Every news story, narrative account, op-ed, letter; every article is colored by the bias of an author’s experiences, beliefs, and current knowledge. Media bias, fact-checking, and social media screening have been hot topics at some of the most important Artificial Intelligence conferences, attracting workshops, keynotes, and endless panel discussions asking how we might identify and prevent the spread of misinformation online. Since the 2016 presidential election, the number of searches for “Fake News”, as measured by Google Trends, has increased ~25 fold. ‘Fake News’ is the logical end state of the commercial market for attention; as revenue is tied more and more closely to audience engagement, whether in exchange for advertisements or behind a paywall. News is entertainment, and the most psychologically satisfying content wins.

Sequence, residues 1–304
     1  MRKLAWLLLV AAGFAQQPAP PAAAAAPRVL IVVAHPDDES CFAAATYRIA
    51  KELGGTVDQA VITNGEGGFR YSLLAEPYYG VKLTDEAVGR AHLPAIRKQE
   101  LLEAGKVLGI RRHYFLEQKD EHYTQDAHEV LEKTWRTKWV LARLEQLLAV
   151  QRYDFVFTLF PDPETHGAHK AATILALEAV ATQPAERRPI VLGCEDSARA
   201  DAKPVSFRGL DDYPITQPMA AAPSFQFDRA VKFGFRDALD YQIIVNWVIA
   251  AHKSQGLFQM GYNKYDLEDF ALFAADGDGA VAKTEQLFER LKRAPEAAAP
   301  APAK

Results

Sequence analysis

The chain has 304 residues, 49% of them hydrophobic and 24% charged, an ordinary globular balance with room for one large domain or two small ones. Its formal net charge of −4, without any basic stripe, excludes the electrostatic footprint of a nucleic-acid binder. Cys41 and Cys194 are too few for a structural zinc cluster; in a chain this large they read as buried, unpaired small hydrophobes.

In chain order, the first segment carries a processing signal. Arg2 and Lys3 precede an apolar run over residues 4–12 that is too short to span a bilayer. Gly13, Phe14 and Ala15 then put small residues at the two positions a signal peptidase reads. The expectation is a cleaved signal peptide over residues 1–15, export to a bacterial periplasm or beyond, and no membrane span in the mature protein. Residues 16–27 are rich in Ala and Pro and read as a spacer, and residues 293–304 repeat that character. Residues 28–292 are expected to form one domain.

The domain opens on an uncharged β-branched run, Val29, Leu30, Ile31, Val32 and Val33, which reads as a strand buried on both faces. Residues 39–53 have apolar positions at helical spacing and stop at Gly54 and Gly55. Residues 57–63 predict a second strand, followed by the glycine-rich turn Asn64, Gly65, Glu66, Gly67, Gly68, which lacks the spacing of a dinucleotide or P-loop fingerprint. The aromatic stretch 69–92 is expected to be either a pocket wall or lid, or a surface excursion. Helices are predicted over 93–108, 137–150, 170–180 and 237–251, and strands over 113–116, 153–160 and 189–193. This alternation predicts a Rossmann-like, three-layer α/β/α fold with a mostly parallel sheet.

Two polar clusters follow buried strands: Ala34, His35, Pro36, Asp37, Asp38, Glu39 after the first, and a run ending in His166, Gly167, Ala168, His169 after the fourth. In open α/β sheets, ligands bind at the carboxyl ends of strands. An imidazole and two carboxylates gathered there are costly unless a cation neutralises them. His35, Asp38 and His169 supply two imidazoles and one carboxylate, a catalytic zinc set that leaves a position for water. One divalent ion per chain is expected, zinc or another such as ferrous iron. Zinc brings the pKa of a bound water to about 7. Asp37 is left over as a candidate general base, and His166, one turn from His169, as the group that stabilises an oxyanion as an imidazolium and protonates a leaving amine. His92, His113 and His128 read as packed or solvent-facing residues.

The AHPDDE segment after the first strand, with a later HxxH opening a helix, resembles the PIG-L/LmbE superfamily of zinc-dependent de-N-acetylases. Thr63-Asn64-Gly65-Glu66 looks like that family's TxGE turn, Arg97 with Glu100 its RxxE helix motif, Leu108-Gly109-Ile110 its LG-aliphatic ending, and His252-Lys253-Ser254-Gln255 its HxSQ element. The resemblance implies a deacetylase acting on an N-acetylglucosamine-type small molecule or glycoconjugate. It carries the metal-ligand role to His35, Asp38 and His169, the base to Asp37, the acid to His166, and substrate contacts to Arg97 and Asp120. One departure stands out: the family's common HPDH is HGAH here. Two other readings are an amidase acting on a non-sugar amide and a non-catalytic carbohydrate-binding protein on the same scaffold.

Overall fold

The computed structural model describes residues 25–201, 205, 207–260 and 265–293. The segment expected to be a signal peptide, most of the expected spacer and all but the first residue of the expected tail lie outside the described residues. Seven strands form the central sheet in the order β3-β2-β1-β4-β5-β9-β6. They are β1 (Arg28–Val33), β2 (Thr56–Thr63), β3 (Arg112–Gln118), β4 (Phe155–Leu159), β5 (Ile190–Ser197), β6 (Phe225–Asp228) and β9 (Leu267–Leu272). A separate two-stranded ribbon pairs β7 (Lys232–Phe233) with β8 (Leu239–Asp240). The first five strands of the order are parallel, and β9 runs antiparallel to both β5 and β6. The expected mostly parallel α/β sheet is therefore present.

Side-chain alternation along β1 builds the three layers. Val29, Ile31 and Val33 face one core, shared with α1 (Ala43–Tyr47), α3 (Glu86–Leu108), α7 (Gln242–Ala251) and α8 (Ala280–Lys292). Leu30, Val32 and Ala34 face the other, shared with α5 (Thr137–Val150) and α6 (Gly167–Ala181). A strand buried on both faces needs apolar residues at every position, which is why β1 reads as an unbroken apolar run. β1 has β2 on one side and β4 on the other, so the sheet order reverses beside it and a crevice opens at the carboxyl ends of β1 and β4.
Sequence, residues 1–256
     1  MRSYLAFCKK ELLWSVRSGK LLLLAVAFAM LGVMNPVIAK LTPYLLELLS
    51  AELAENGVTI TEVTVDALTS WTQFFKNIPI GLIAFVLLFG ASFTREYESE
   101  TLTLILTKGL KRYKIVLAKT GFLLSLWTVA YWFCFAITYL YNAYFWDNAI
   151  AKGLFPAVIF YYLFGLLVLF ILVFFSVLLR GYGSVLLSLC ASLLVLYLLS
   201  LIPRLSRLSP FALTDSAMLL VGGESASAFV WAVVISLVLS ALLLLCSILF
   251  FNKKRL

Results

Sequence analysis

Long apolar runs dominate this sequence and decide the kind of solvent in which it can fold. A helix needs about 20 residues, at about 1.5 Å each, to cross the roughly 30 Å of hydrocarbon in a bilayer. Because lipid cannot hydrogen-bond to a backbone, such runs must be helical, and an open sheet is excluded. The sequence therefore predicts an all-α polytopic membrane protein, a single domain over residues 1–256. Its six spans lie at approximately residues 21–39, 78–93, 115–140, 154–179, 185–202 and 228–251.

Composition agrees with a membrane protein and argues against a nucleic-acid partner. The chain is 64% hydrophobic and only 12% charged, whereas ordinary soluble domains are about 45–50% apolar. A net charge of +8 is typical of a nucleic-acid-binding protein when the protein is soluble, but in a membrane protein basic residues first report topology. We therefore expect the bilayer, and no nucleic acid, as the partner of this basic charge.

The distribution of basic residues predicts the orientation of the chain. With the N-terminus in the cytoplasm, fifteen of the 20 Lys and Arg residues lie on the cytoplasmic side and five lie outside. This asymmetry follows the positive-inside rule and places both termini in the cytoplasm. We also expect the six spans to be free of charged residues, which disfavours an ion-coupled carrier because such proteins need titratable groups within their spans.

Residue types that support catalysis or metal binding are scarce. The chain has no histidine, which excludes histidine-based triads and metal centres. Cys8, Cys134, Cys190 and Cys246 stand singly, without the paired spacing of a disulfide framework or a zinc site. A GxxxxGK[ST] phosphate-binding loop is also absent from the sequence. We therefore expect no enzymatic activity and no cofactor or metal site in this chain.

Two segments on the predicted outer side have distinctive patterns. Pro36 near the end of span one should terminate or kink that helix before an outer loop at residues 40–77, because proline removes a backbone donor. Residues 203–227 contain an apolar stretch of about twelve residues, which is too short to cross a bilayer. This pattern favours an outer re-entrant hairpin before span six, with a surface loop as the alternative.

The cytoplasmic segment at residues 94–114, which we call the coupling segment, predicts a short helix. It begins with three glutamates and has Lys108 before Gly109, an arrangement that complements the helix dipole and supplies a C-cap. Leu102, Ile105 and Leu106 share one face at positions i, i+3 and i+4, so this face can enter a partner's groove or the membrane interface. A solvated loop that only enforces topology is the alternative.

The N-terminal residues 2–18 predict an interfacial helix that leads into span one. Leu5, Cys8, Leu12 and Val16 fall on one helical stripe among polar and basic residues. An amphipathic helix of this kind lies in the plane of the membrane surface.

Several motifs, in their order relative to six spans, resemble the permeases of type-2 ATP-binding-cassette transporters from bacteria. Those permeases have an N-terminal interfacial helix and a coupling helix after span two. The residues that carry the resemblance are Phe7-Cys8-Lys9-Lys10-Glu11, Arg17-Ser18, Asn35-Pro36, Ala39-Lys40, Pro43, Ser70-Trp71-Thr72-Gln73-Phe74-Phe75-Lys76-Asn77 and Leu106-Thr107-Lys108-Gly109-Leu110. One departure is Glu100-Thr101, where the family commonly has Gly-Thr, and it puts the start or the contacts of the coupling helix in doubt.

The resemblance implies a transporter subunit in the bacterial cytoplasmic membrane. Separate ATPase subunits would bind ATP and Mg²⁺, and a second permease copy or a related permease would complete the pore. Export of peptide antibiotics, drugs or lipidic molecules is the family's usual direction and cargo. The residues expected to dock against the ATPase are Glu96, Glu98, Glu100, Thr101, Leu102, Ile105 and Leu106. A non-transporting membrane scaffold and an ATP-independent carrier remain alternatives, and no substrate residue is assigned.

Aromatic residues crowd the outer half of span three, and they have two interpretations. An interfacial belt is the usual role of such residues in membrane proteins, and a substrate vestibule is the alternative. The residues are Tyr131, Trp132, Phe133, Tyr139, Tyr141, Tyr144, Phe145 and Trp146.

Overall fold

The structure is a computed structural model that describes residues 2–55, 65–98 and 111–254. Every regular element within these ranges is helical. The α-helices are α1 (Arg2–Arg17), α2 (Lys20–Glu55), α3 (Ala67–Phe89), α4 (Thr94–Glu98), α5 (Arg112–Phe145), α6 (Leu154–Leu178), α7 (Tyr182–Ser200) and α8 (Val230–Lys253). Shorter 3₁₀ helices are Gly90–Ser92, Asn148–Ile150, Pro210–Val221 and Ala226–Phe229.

Thus, we feel that there needs to be a tool that helps the user judge how much can he trust a particular source to read on a specific topic. To validate sources, we designed and implemented a data-driven infrastructure where we began through the specific lens of a limited set of impactful media events, along with a large number of stories characterizing those events over an extended period of time. We used natural language processing, visualization strategies, and algorithmic reasoning to help uncover flaws and potential triggers in the narrative choices being made by particular individuals and organizations. By using, algorithms like Logistic Regression, KNN, SVM, Perceptron and Random Forest. We successfully classified our articles into 3 bins- Highly biased, Maybe biased and Unbiased with an accuracy of 79.20 percent. What’s good about our model is that we could predict if an article is biased or not with a high recall score of 89 percent. We have handed our code back to our mentors from the AI for Good Foundation who are going to set up a new project team that will help take our project forward and tailor it for commercial use.